Greece’s high points and flaws

20 Feb

The view from Mycenae

Greece is the country I visited over the past week. I’d been to Crete before, but had never been to the mainland. Over the past week, I had the opportunity to travel around the mainland. I visited the major sights in Athens, the ruins in Delphi and Mycenae, and hung around Nafplio.

I love Greece. I loved the laid-back attitude of the people, the ruins, the natural beauty, and the food. But while Greece is a great country to travel in (especially in the winter without all the tourists), I don’t consider it to be one of my top choices in Europe.

There are some major flaws in the Greek travel experience that will have to addressed before I love it as much as I love Italy, Spain, France, Austria, or the UK. The recent economic crisis certainly has not helped.

What I loved about Greece

  • The Ruins. They really are that incredible. The Acropolis is my favorite historic sight I’ve visited in my life. Not only are the ruins spectacular, but the views from them are spectacular too. The ruins in Greece are remnants of the civilizations that founded the “The Western World” as we know it to be today.
  • The Food. Menus are long and ingredients are fresh. The Greek food in Greece is far superior to the Greek food in America. When it comes to Greek cuisine, I think the disparity between the food in the home country and food in other countries is bigger than many other cuisines.
  • The Scenery. Greece, outside of Athens, has incredible scenery. The mountain peaks, dusted with snow in the winter, rise in the distance above beautiful ocean inlets. Bus rides here are some of Europe’s most scenic by far.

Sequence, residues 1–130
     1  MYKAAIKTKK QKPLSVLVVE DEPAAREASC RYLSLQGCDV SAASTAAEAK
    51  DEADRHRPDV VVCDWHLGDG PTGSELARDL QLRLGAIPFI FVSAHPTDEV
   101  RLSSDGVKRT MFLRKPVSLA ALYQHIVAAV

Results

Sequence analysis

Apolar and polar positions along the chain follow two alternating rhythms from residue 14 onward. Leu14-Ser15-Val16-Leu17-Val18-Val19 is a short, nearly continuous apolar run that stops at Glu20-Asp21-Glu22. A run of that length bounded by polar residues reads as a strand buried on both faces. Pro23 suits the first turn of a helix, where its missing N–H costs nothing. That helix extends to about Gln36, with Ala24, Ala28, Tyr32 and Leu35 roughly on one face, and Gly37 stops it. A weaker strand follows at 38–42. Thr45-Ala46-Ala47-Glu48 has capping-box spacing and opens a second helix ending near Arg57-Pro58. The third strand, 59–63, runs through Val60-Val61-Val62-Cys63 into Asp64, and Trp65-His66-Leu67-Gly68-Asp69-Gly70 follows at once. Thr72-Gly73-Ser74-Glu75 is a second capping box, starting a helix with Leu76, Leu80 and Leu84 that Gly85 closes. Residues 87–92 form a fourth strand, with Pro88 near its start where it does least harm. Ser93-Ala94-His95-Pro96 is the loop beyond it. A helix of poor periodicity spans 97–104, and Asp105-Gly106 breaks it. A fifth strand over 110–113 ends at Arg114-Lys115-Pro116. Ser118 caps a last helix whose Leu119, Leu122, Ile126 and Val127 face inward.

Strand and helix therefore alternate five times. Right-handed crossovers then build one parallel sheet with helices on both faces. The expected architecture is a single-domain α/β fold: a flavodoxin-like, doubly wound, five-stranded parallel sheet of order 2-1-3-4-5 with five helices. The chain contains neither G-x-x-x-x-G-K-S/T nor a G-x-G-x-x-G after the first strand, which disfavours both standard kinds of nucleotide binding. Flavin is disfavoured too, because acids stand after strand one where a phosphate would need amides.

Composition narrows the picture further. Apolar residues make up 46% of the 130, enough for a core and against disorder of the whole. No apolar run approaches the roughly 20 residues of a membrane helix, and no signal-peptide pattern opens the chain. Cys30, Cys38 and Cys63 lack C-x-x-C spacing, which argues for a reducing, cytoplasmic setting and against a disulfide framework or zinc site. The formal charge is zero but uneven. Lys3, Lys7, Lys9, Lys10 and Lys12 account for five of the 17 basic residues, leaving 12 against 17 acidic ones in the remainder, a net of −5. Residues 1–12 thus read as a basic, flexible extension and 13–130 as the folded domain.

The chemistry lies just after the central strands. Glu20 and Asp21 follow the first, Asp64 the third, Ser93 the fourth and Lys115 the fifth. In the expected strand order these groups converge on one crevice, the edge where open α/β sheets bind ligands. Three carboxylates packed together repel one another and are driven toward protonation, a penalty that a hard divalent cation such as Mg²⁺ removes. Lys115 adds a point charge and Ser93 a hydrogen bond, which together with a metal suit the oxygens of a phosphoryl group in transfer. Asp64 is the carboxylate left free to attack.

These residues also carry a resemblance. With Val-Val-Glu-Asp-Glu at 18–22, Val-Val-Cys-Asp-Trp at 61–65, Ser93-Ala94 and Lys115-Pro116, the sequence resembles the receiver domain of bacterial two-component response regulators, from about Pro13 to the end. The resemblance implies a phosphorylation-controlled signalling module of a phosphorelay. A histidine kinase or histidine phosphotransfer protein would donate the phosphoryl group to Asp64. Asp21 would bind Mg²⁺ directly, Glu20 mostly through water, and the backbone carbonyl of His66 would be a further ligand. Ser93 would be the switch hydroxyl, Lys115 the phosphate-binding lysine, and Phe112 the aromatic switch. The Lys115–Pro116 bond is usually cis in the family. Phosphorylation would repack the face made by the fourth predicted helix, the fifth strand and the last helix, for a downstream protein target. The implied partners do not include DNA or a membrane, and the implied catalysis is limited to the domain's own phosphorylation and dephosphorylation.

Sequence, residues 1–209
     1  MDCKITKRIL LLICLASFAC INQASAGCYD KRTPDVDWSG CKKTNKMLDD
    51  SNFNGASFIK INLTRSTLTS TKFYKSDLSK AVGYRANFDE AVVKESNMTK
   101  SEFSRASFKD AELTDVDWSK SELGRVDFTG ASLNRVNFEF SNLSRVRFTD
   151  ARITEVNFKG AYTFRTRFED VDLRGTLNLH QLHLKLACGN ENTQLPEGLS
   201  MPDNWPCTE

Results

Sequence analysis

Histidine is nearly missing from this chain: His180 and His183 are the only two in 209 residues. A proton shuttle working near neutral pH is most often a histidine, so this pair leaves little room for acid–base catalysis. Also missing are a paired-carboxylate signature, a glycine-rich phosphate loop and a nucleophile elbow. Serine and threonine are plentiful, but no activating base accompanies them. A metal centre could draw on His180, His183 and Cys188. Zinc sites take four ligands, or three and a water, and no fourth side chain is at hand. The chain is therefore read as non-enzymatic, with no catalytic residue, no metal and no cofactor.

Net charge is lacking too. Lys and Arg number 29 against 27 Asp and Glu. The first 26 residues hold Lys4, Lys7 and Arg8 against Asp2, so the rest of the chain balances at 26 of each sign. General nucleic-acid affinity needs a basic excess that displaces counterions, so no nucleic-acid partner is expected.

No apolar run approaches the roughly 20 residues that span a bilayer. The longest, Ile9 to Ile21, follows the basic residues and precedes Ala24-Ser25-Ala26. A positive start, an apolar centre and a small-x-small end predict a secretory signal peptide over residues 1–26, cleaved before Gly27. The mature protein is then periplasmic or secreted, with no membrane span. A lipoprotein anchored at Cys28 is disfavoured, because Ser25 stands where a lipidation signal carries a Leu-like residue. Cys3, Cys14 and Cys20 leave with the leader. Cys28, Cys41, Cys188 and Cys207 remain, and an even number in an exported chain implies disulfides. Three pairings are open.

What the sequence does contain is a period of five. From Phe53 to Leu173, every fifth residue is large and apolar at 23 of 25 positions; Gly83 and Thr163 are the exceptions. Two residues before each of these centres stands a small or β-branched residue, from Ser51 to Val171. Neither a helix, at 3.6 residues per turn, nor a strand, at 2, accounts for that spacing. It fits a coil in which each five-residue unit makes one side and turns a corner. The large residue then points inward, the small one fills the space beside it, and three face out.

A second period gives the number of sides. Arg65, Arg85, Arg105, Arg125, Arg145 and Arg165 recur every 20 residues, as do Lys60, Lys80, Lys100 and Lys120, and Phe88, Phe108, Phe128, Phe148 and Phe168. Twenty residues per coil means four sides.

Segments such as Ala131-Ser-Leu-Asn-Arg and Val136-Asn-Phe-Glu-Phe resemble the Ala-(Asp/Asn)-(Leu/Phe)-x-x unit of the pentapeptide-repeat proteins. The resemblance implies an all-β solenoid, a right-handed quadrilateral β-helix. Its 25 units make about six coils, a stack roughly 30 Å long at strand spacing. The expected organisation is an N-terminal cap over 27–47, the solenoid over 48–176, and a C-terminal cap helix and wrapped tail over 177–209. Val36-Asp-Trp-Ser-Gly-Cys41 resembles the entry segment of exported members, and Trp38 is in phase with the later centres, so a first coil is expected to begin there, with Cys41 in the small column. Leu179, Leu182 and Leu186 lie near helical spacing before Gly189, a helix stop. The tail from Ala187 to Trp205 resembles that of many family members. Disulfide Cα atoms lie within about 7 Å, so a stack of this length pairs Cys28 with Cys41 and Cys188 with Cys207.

What I didn’t love about Greece

  • Athens, outside the Acropolis area, is an ugly city. What you’ve heard is true. The city is vast, sprawling, polluted, full of pickpockets and scammers, and reckless drivers. Athens’ sights are amazing, but the city doesn’t have the beauty and charm of Rome, Paris, Madrid or even London. For Athens to be on par with the great capitals of Western Europe would have given me a much better first impression of Greece.
  • Service is slow, and not the friendliest. I get that Greece is laid back and this is part of its charm. I don’t want a waiter to constantly rush around to every single guest and ask “how is your food” every 10 minutes like they do in America. But Greece is too far on the opposite end of this spectrum. Waiters just sometimes don’t seem to care about serving their guests, and when you make eye contact with them to signal that you’re ready for the bill, you can’t help but feel they are doing everything they can to avoid looking back at you.
  • The Public Transportation is severely lacking, compared to most of Europe. The economic crisis has made it even worse. In the area around Nafplio in the Peloponnese, even the major ruins have little or no bus service to them. Many tourists opt for taxis, as even Mycenae has only a couple of public buses go there a day from Nafplio.
  • The museum scene is limited. Athens has three fantastic museums. The Archaeological museum, museum of Cycladic Art, and the Acropolis museum are rightfully well-regarded. The other cities have smaller museums, but I think that Greece as a whole needs more world-class museums. Even the museums of Athens just aren’t as great as the Met, Louvre, British Museum, or the Prado. Also, the hours of the museums are far more limited than in other European countries. The Archaeological museum in Nafplio, for example, closes at 3pm.
  • There are other countries in the region with more bang-for-the-buck. Greece is more expensive than Eastern Europe, Turkey, Armenia, Georgia, and Azerbaijan. Unfortunately, outside the highlights like the Acropolis, I don’t think the sights are any more interesting than in many of these other places.

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